message 13: by Elizabeth S (new)

Elizabeth S (esorenson) | 2011 comments Thanks, Tanya, nice to see where it fits in.

I wonder if Forester was thinking about the D-day invasion at all when he wrote that paragraph. I notice the book's copyright is 1948, so that wouldn't be many years later. If you think about it, the invasion of France on June 6, 1944 could be likened to breaking windows with $500 bills. It took so many men, so much equipment, so much careful planning, so much sheer determination to get that Normandy landing.

Perhaps I'm getting too far off-track. :)


message 14: by Elizabeth S (new)

Elizabeth S (esorenson) | 2011 comments I like your analysis of Edrington, Tanya. When we first meet him, I expected that he would turn out to be fluff or hollow. Instead, he is calm in battle, even when loosing. He figures out what the Revolutionary French are doing before anyone else.

And I'm impressed by his diplomacy, although that is less of a surprise. I realize that this is probably the way anyone in his position would have spoken, but I enjoyed the tact when Edrington said, "Then present my compliments to the French emigre general, and suggest he post a strong detachment up the road, if he has not done so." (See page 169.) You think he'd be sorely tempted to say, "Tell the French emigre general that he is an overconfident idiot and he better guard his flank." I think half the fun of being a diplomat or a politician is figuring the "nicest" way of saying things that aren't exactly complimentary.


message 15: by Veronika (new)

Veronika  Sprague (veronikasprague) Ack, I'm behind!! Gotta catch up...


message 16: by Michael (new)

Michael Flanagan (loboz) I good bit of information I have came across about this period which helps in the context of understanding the era is as follows. A youth was held legally responsible at the age of seven and were able to be executed at the age of nine. I think this helps us understand how such a young man as Hornblower could take on the responsibilities of leadership.


message 17: by Elizabeth S (new)

Elizabeth S (esorenson) | 2011 comments Michael wrote: "I good bit of information I have came across about this period which helps in the context of understanding the era is as follows. A youth was held legally responsible at the age of seven and were a..."

Wow, wow, and wow. That would, uh, make some of our modern school discipline issues a little different. I guess it is "nice" to know that if a kid can be sent to the sweat-shop to work 14 hours a day, at least he's legally responsible while he's doing it. Where did you find that little tidbit?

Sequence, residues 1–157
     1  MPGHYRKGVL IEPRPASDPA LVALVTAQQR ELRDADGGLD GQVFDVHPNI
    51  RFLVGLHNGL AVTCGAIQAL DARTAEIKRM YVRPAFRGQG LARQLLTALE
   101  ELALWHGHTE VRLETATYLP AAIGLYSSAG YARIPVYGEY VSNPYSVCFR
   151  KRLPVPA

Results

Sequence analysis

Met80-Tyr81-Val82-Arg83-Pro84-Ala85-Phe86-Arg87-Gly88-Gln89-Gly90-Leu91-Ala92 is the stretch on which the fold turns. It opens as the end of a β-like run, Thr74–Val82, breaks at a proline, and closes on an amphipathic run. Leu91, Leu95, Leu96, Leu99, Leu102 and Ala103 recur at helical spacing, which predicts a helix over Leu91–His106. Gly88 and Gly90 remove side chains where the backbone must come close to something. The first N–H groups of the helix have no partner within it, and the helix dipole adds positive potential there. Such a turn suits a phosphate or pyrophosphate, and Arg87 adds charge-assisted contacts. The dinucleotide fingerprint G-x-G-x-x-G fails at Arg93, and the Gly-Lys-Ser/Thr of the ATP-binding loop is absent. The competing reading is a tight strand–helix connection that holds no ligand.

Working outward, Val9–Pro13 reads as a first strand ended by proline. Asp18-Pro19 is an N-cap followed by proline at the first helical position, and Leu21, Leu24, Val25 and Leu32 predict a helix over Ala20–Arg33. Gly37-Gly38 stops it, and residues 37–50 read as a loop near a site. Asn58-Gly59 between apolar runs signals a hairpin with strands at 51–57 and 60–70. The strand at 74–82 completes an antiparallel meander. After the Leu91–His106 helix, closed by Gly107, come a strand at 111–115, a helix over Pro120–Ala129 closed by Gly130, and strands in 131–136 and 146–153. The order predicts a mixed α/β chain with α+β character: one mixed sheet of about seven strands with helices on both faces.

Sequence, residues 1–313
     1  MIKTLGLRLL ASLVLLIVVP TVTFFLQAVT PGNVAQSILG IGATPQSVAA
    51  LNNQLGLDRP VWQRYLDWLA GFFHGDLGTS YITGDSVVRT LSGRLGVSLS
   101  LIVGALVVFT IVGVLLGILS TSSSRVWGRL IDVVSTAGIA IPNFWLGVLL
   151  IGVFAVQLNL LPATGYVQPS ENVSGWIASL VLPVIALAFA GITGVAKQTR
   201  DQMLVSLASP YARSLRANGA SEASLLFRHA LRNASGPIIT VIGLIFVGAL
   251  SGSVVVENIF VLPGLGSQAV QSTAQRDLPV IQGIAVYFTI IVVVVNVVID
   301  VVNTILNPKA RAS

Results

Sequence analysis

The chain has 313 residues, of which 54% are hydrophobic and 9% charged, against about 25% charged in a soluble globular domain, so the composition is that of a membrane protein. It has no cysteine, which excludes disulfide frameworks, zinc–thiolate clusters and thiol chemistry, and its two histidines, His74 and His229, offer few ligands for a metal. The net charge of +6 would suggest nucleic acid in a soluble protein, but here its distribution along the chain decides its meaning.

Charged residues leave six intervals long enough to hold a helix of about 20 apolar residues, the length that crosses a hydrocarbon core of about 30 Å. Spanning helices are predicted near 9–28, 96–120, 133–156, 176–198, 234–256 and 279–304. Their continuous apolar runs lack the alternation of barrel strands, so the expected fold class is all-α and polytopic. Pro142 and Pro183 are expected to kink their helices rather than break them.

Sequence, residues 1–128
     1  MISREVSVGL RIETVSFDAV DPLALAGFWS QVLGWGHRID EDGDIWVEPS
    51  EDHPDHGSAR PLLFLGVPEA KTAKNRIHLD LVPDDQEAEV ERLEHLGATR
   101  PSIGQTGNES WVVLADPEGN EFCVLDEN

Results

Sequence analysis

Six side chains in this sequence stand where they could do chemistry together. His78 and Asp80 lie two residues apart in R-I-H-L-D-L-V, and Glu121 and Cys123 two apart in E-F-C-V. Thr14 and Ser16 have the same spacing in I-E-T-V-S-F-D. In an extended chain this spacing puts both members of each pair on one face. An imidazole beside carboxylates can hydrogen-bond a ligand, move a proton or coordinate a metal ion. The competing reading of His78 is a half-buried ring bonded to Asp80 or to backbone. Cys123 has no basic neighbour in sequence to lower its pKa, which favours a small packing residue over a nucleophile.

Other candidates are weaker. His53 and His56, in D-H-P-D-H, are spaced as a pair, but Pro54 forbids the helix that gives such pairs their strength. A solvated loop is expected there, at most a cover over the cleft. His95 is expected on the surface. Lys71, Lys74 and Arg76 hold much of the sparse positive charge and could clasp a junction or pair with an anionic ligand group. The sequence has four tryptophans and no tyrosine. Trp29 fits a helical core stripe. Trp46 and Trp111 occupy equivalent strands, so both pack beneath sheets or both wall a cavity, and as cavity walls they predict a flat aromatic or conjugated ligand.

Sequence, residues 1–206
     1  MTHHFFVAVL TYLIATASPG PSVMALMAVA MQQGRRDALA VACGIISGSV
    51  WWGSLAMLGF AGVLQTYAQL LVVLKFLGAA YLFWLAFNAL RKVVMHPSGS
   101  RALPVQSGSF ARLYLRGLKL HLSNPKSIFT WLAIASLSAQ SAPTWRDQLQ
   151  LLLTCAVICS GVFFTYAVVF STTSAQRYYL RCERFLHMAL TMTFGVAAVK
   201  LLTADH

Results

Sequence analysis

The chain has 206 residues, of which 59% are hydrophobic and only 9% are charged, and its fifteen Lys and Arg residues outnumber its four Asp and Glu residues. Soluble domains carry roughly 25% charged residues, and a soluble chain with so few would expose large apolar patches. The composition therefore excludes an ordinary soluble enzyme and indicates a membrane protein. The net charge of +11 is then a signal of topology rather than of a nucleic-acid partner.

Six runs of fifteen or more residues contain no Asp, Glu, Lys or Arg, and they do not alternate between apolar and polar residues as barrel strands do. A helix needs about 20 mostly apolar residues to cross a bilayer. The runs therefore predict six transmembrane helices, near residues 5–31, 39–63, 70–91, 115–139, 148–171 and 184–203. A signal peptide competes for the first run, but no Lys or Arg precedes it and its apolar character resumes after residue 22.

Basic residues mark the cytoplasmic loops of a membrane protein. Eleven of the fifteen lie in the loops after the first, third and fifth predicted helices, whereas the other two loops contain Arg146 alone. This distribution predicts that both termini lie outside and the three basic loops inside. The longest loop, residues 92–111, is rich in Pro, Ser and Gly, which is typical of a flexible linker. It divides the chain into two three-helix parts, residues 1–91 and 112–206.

message 18: by Elizabeth S (new)

Elizabeth S (esorenson) | 2011 comments When reading about the lock-step routine of the British Lobsters, I kept thinking that this is the system that the rag-tag army of George Washington beat. Growing up in the USA, for some reason (ha ha) we spent more time studying the American Revolutionary War than the wars that occurred in a similar time in Europe. So I'm more familiar with a war that the British lost, where the European style of fighting was ineffective.

So it is interesting for me to read an account where the British army system is effective. As Tanya said, we are surprised that a young Earl is actually effective in battle and strategy. This is why the British fought that way, because that is what worked in Europe.


message 19: by Michael (last edited Feb 26, 2011 12:31PM) (new)

Michael Flanagan (loboz) Elizabeth S I got this bit of info during a recent visit to the Port Arthur Penal settlement in Tasmania, in explaining why children were transported to Tasmania


message 20: by Vincent (new)

Vincent (vpbrancato) | 1245 comments Elizabeth S wrote: "When reading about the lock-step routine of the British Lobsters, I kept thinking that this is the system that the rag-tag army of George Washington beat. Growing up in the USA, for some reason (h..."

Beyond Hornblower the interesting part of the chapter was the disipline and practiced actions of the Redcoats under their Sargeant Major in effectively moving and repelling and advancing and retreating.

I think the British failure to win in the American Rebellion was beyond the tactics but more the fact that all the Americans had to do was to not lose - but we did benefit from Von Steuben training American troops in European methods.


message 21: by Elizabeth S (new)

Elizabeth S (esorenson) | 2011 comments Vince wrote: "Beyond Hornblower the interesting part of the chapter was the disipline and practiced actions of the Redcoats under their Sargeant Major in effectively moving and repelling and advancing and retreating. ..."

I agree, that part was very interesting. And contrasting that Redcoat discipline with the lack of discipline shown by the French troops emphasizes the effectiveness of the discipline even more.

And good point about the whys and hows of the American Revolution. In American History class we tend to be pretty proud of beating the British. But it wasn't the same as a head-to-head battle where each side sends their best and the measure for winning is consistent.